Under those other provisions, for example, insurers can no longer limit or deny benefits to children because of a preexisting condition, and young adults to up age 26 are eligible for insurance coverage under their parents’ plans.

During oral arguments in March, conservative justices indicated they were skeptical about the individual mandate, the provision in the 2,700-page health-care law that requires nearly all Americans to obtain health insurance by 2014 or pay a financial penalty.

Arguing the case for the Obama administration, Solicitor General Donald B. Verrilli Jr. defended the law as a constitutional exercise of congressional power under the charter’s commerce clause to regulate interstate commerce. He said lawmakers were regulating health insurance to deal with the problem of millions of people who lack coverage and therefore shift costs to the insured when they cannot pay for their medical care.

Paul D. Clement, representing Florida and 25 other states objecting to the health-care law, argued that Congress exceeded its power in passing the law, which he said compels people to buy a product.

The court rejected administration’s commerce-clause argument, but ruled 5-4 that Congress nevertheless “has the power to impose” the individual mandate under its taxing authority. The provision “need not be read to do more than impose a tax,” the opinion said. “This is sufficient to sustain it.”

Neither the plaintiffs in the case nor the Obama administration had argued before the court that the individual mandate was a tax. Instead, the court asked a Washington lawyer to present the argument that lawsuits against the health-care law were premature under an obscure 19th-century law, the Anti-Injunction Act, which bars suits against a tax until the tax is actually paid.

Under the health-care law, penalties for refusing to buy health insurance do not kick in until people pay their 2015 income tax returns.

In its ruling, the court did not accept that the Anti-Injunction Act precludes a decision on the health-care law, but it appeared to embrace the argument that the penalty amounts to a tax.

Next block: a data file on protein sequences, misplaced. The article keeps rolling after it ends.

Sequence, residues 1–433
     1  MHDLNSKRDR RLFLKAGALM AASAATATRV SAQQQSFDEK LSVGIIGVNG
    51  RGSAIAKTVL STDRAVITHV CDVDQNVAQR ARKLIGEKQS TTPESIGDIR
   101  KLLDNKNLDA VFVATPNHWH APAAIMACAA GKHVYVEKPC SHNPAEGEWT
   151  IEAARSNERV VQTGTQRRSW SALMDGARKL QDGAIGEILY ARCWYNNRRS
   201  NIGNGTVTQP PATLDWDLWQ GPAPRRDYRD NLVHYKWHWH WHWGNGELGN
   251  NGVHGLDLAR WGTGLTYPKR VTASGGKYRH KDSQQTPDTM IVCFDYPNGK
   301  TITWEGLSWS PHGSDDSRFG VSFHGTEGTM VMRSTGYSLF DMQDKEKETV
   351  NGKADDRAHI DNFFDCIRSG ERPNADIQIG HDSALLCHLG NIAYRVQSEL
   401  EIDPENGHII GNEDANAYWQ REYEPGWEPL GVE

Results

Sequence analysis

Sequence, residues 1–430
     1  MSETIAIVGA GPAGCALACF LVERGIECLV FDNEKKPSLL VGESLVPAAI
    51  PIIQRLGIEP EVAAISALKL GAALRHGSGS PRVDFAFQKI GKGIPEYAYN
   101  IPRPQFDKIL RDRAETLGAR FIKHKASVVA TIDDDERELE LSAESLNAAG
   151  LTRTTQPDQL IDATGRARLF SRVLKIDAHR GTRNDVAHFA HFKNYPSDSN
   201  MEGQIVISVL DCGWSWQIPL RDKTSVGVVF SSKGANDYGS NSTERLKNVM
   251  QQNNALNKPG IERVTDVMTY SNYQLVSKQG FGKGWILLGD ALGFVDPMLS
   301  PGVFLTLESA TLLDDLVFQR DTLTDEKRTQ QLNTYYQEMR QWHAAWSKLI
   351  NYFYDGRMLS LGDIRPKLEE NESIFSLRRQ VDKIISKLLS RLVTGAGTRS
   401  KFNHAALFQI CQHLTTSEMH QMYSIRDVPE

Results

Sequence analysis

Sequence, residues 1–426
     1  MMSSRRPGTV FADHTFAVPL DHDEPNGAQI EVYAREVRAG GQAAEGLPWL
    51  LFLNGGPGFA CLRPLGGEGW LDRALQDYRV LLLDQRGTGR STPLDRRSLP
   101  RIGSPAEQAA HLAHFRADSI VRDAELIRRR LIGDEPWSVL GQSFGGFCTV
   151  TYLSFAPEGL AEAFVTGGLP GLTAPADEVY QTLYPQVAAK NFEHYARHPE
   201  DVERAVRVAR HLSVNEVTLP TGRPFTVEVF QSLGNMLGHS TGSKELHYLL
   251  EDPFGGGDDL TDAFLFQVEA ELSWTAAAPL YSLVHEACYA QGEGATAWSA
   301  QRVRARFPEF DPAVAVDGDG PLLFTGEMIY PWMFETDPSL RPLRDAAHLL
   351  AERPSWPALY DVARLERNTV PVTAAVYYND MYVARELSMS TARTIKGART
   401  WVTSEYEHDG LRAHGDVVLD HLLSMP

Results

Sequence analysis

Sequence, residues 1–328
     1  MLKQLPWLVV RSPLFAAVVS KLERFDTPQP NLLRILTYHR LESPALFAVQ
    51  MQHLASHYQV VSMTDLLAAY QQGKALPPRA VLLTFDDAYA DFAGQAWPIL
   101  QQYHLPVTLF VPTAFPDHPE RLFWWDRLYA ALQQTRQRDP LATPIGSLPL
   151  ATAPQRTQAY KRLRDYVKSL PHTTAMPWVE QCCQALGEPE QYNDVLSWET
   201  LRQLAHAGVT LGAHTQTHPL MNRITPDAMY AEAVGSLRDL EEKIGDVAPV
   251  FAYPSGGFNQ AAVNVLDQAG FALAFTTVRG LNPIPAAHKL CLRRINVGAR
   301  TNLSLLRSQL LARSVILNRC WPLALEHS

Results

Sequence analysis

No initiative has exemplified Obama’s progressive domestic agenda or inflamed his conservative opponents like the health-care law. The court’s decision will resonate throughout the election season, not only in the presidential campaign but in House and Senate races across the country.

The law provoked an unlikely debate about the Constitution. Opponents saw it as a trespass on individual and state’s rights by an omnipotent federal government, and supporters viewed it as a long-sought guarantee of health care to Americans regardless of where they live or work.

Although the most controversial provisions of the law are not scheduled to take effect until 2014, a complex web of new rules has already extended coverage and expanded benefits across the country.

As a mark of the case’s importance, the justices spent more than six hours over three days hearing oral arguments on the constitutional questions and related issues. It was the most time than the court has spent on any issue in nearly half a century.

As soon as Obama signed the health-care bill in March 2010, opponents raced to challenge it. Early court decisions followed a predictable pattern, with district judges appointed by Democratic presidents upholding the law and Republican appointees striking it down.

But at the appeals court level, that changed. In a decision by the U.S. Court of Appeals for the 11th Circuit in Atlanta, Judge Frank Hull, an appointee of President Bill Clinton, joined with a Republican colleague in saying that the individual insurance mandate in the “unprecedented” legislation exceeded congressional authority. The judges said that if the law were constitutional, it would be impossible to say what action on the part of the government would go too far.

At the U.S. Court of Appeals for the 6th Circuit in Cincinnati and the U.S. Court of Appeals for the D.C. Circuit, two prominent Republican-appointed judges agreed that the law is intrusive but said it is within Congress’s powers.

In Cincinnati, Judge Jeffrey Sutton, a George W. Bush appointee, was the deciding vote to uphold the act. In Washington, Senior Judge Laurence Silberman, named to the bench by President Ronald Reagan, wrote an opinion saying that the question was political, not constitutional.

“It certainly is an encroachment on individual liberty,” Silberman wrote. But then — alluding to other cases in which the Supreme Court has ruled that the commerce clause gives Congress power — he added that “it is no more so than a command that restaurants or hotels are obliged to serve all customers regardless of race, that gravely ill individuals cannot use a substance their doctors described as the only effective palliative for excruciating pain, or that a farmer cannot grow enough wheat to support his own family.”

Even as the legal wrangling grew to a crescendo, some aspects of the law were already being enforced. Those include requirements that many insurance plans allow young adults to stay on their parents’ policies until age 26; cover a range of preventive services, including birth control, without imposing co-payments or other out-of-pocket costs; eliminate lifetime dollar limits on coverage; and begin phasing out annual caps.

The three cases the Supreme Court considered were National Federation of Independent Business v. Sebelius; Florida, et al., v. Department of Health and Human Services; and Department of Health and Human Services v. Florida, et al.